Member of NSA -Ghana, Dr. Naa Ashiley Vanderpuye
- Donton, CEO of the West Africa AIDS Foundation states that high dependency
on external donor funding negatively affects Ghana's health sector.

High dependency on external funding affecting Ghana’s public health sector-Dr Naa

The Medical Director of the  International Health Care Centre, Dr. Naa Ashiley Vanderpuye- Donton  has stated that high dependency on external funding as well as  non-adherence to counterpart funding contributions are  some of the issues bedeviling the  growth of Ghana’s public health sector. She stated that although Ghana had very robust policies on public health in theory, the slow adaptation of global best practices, lack of community monitoring of programmes, poor maintenance of health infrastructure as well as the gap between policy makers and front liners were some of the contributory factors to low quality healthcare in Ghana. She however added that the concept of task sharing being implemented by the Ghana Health Service was a laudable one that needed to be applauded by all.  She was speaking on the topic “the challenges and opportunities of developing good public health practices in Africa” at a public lecture organized by Webster University-Ghana campus.

Other speakers at the public lecture included the former Director of Ghana Health Service, Prof Agyeman Badu Akosa and Prof Jean-Germain Gros, visiting lecturer, Webster University – Ghana Campus.

Prof. Akosa spoke on the topic “Health Care Policy in Africa: The Pan -African Challenge”. In his presentation, he stated that an inter- ministerial desk on health was urgently needed in Ghana and Africa. This was because according to him, health needed a multi- sectoral involvement and cut across various ministries such as the Ministry of Water and Sanitation, Ministry of Housing, Ministry of Education and Ministry of Transport. He stressed that poor quality of health care was not necessarily due to financial bottlenecks and advocated for a blank sheet to be drawn in the planning of healthcare policies in Ghana (Africa) which would involve the synergization of the relevant ministries.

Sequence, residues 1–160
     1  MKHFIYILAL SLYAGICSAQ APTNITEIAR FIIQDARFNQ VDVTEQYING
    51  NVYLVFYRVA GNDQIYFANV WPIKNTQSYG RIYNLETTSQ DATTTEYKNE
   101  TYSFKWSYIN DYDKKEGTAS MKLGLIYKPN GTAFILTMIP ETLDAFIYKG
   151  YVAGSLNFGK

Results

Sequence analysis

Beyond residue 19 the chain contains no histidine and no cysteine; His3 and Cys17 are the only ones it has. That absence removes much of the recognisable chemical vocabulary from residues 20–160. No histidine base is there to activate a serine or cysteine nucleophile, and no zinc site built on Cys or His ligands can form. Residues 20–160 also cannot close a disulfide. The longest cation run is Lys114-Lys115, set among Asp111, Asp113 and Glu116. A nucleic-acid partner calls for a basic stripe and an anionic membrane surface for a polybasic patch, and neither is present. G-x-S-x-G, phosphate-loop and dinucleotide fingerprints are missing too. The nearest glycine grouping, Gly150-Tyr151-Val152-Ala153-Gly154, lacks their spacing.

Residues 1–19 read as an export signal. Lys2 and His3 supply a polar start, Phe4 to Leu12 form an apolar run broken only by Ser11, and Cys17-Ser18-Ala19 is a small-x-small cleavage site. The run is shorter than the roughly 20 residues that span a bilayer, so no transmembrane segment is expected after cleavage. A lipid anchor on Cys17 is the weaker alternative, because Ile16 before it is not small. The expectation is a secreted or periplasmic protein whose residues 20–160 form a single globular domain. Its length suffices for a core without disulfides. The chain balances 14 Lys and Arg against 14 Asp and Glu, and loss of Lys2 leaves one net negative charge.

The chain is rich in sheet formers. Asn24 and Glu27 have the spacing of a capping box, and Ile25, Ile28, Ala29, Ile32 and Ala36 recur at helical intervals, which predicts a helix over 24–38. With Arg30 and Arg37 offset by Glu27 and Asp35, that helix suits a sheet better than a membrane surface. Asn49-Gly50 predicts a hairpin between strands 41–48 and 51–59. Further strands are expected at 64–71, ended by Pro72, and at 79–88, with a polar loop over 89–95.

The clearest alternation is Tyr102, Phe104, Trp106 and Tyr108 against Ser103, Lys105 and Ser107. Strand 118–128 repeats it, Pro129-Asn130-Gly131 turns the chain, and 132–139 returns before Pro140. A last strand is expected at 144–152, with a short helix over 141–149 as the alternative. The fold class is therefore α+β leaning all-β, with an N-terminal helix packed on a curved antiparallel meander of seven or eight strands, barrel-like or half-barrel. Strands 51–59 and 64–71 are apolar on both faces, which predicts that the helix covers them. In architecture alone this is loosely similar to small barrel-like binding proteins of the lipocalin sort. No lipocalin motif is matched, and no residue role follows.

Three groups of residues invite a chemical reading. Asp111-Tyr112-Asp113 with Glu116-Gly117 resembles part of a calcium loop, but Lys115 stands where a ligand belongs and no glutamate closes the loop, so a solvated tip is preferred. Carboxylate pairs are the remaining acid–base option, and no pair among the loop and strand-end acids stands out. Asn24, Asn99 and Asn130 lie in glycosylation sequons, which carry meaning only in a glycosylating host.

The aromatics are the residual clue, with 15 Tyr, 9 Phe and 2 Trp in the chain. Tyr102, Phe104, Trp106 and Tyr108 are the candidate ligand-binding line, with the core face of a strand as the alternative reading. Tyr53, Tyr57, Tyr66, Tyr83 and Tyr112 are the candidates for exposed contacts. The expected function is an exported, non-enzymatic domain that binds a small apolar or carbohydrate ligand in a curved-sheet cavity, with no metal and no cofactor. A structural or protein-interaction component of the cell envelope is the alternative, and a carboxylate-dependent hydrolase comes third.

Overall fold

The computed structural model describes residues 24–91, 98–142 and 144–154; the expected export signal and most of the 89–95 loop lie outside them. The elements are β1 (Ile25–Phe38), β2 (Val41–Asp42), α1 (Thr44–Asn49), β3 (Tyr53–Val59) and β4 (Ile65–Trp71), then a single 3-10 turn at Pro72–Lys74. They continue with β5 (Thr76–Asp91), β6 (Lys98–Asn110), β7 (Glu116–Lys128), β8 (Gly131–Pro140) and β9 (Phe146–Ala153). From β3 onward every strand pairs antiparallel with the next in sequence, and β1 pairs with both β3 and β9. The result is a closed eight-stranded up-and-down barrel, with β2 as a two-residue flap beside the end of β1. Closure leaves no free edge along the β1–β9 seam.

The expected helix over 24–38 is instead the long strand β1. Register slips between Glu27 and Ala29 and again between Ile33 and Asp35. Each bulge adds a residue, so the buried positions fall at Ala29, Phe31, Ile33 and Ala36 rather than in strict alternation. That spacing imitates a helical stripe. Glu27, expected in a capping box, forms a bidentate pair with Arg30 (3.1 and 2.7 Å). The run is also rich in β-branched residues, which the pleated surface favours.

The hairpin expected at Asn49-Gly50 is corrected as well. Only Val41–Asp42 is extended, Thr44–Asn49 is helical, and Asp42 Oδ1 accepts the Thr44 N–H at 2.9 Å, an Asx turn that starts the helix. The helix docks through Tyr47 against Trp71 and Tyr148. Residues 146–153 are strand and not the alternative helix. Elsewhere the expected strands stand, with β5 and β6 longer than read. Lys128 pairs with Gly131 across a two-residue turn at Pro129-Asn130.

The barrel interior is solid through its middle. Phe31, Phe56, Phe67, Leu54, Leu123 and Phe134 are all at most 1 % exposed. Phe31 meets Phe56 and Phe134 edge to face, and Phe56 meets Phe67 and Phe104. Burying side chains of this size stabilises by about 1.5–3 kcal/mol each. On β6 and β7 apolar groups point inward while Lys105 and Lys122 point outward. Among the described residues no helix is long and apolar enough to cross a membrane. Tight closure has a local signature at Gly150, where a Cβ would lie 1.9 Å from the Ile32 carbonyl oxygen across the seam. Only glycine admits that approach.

On his part, Prof Gros spoke on “the historical overview of health care policy in Africa”. He initially posited a strong agreement that it was a misconception for the world to think that health care was nonexistent in Africa before the advent of colonialism. He added  that national health care policy could be affected by both active or passive decisions taken by national  authorities and stressed that  health policy  was  not the monopoly of governments but needed the input of Non-Governmental Organizations and other actors as well. He stated that health care policy in Africa had gone through various changes from pre-colonial era through to the colonial and post-colonial era depending on the focus of the powers that controlled the system. He was however hopeful that Health Care Policies across Africa was evolving although he was quite skeptical that the GhS 20 ($4) yearly premium currently being  paid by Ghanaians for national health insurance would be able to sustain  a robust  health care regime.

The main theme for the public lecture was “”Health Care Policy and the crisis of Health Care Policy in Africa.”